She emerged out of the fog as if somebody had breathed on glass. She was pushing our baby daughter in a buggy and was weighed down with a holdall she was carrying. My first instinct was to check whether Nancy was all right. Our darling baby was buttoned up against the cold, snuggled up in some kind of sleeping bag.

Emily, too, was zipped up, wearing a parka, and my heart thickened in surprise as she removed her fur-trimmed hood.

She had shaved all her hair off.

My wife was completely bald, and she was crying…

RAVEN’S REVIEW:

  surrogateHow much is your child worth? That’s the question Hugo and Emily Cox must answer when they get a ransom demand for their child – from Alice, the surrogate mother they paid to carry their baby. The police are helpless. No law has been broken — the baby belongs to their surrogate. And Hugo has a secret he’s keeping from his wife that makes their search even more desperate. Now Hugo and Emily must find their missing daughter… even if it costs them everything they own.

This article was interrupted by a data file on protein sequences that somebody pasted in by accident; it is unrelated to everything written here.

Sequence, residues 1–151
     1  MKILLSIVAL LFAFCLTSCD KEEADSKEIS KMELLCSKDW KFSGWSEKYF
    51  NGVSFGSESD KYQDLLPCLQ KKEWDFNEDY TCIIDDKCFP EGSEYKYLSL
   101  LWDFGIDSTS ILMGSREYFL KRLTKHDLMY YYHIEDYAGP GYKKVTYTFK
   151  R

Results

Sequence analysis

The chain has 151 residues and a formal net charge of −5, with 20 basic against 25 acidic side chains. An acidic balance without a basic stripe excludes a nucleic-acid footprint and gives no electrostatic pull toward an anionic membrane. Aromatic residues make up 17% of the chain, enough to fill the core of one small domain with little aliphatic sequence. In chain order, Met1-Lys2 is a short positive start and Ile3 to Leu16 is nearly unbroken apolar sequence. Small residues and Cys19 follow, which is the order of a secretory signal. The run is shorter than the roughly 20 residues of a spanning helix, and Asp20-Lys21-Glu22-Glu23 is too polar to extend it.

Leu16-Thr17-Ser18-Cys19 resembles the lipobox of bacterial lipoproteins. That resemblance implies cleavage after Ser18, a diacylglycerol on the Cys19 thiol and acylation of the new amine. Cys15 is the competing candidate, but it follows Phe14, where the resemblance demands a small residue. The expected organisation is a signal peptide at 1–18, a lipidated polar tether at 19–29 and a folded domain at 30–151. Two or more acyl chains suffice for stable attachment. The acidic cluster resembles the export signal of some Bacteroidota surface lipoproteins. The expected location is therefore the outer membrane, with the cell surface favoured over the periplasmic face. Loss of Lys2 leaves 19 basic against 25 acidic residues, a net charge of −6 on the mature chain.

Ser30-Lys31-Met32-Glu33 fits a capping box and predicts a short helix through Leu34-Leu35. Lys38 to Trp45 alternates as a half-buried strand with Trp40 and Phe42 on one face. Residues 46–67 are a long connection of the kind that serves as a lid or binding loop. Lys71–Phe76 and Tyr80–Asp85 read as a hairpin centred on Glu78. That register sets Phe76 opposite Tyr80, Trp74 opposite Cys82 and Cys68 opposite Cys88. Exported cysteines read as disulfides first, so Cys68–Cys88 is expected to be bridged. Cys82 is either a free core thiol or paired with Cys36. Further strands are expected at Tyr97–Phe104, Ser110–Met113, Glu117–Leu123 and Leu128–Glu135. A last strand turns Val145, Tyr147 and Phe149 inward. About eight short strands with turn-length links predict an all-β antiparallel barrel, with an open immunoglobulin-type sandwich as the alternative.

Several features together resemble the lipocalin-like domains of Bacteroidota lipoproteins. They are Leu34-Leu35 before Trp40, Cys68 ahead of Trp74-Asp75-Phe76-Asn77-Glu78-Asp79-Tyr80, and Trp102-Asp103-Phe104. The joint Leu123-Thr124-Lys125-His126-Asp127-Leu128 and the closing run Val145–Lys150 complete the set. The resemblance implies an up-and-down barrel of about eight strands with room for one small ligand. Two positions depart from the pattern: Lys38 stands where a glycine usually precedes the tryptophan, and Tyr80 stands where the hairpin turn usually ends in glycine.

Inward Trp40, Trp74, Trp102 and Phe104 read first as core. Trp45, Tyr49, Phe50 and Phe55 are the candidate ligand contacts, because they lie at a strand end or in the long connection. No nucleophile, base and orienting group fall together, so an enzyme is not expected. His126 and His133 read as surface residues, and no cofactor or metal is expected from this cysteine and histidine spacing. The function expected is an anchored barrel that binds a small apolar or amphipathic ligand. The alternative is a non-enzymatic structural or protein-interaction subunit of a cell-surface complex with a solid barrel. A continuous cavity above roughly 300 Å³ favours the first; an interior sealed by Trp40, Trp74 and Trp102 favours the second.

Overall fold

Having made the leap from established non-fiction author to thriller writer, Adler’s first book Slow Bleed was well received among the reviewing community and readers alike, and I enjoyed the debut. Admittedly in my opinion there were slight flaws with the first, but what is interesting with Surrogate is the noticeable growth of confidence, and more  fluid writing style in evidence here, making for a very readable and intriguing thriller.